We won't go into how to clean every little thing here. Instead, we'll discuss how you can rescue, and hopefully save, some of the things that are most likely to be damaged in a water-related disaster.
For best results, work in a cool space with low humidity and circulating air. This will help items dry out gradually and keep mold growth down. Use what is necessary to create these conditions: fans, open windows, dehumidifiers, air-conditioners.
Around the House
Be sure to keep all soggy books closed until you're ready to work on them. Wet books are very fragile—you don't want to risk further damage by opening them up. The weight of the pages will also help keep them from curling.
A Fine Mess
Never speed-dry books—not any you care about, anyway. Using an oven, hair dryer, iron, or even a microwave can cause irreparable damage to delicate papers and bindings.
In the Nick of Time
If you have more books than you can get to within a day or so, freeze them. Wrap them in wax paper, then pack tightly in a sturdy container with their spines down.
First, go through what you have and decide what's worth keeping. Use both hands to pick up any books that were submerged. This will stabilize the spine and binding. Place the books in a ventilated, water-resistant container, such as a milk crate or a wire or plastic basket. Plastic clothes baskets also work well for this. Take the books to a dry area where you can work on them.
Lay the soaked books flat on a clean table or bench covered with absorbent material such as paper towels, towels, blotters, or newsprint (not news-papers; ink can stain the books).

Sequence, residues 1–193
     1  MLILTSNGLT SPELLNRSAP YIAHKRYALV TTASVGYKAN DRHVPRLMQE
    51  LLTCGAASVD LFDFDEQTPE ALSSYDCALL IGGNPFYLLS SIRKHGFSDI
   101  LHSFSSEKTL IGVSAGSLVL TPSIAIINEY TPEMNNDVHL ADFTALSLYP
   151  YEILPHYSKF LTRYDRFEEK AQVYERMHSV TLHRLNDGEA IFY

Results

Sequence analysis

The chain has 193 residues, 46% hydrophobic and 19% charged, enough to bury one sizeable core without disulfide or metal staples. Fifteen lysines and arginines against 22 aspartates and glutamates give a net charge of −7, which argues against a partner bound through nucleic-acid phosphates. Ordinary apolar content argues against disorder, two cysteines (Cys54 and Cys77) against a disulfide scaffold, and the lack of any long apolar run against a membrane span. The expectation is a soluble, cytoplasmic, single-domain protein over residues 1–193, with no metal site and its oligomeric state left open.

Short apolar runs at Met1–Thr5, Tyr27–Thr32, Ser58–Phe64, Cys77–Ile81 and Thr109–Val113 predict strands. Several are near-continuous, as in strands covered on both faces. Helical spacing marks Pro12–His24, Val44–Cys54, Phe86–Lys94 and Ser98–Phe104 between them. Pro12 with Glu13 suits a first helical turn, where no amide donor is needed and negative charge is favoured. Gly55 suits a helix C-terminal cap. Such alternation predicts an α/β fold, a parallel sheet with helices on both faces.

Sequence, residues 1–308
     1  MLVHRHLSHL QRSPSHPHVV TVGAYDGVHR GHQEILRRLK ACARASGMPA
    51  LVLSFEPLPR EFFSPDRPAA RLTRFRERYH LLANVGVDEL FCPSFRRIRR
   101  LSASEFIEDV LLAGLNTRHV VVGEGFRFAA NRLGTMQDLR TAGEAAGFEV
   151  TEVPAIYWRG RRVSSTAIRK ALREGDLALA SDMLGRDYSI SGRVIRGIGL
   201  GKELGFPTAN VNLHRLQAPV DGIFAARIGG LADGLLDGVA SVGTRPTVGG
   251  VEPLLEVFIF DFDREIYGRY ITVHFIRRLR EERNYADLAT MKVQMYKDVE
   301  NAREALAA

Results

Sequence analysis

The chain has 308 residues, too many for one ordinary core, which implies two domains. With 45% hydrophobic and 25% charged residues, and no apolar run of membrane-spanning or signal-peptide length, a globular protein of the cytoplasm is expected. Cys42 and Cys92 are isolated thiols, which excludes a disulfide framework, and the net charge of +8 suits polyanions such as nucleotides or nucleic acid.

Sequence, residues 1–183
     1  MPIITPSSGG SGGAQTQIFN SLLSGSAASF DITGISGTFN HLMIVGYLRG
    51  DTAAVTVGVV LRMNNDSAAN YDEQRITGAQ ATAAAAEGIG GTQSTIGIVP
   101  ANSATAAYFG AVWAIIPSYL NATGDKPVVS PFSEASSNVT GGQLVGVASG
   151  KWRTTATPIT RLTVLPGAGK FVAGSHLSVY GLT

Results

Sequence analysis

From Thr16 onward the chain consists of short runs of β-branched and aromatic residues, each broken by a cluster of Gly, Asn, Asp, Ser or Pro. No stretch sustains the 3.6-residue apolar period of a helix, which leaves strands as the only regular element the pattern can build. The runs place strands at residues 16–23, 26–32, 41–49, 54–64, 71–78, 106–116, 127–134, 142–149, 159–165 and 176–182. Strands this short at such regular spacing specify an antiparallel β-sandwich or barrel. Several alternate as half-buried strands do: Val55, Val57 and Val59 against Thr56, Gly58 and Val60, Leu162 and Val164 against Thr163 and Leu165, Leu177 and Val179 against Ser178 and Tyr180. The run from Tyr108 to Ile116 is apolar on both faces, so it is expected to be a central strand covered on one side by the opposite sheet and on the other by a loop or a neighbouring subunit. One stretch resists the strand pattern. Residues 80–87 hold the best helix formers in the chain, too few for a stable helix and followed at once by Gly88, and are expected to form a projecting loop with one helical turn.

Place sheets of absorbent material between small groups of pages. Don't use too many sheets—doing so might warp the binding. Change them when they get wet. Be careful with this—wet paper is very fragile. Each time you replace the sheets, put them in a new location. This will speed up the drying.
Coffee-table books and others printed on slick, coated paper are extremely difficult to save as the coating on the paper usually makes the pages stick together as they dry out. If you decide to try to save them, use the previous approach. Instead of blotters, put sheets of wax paper between the pages.
Books that are damp or partially wet can be dried by standing them on their driest edges with their pages fanned open. Keep the pages from drying out too fast by facing them away from fans if you're using them to keep air circulating. If necessary, place blotting material between groups of pages as before.
You want to get the books to the point where they're almost dry. If they feel cool to the touch, you're there. Close them up and place them flat on their sides. Weight them slightly, and leave them be. Check periodically for mold growth.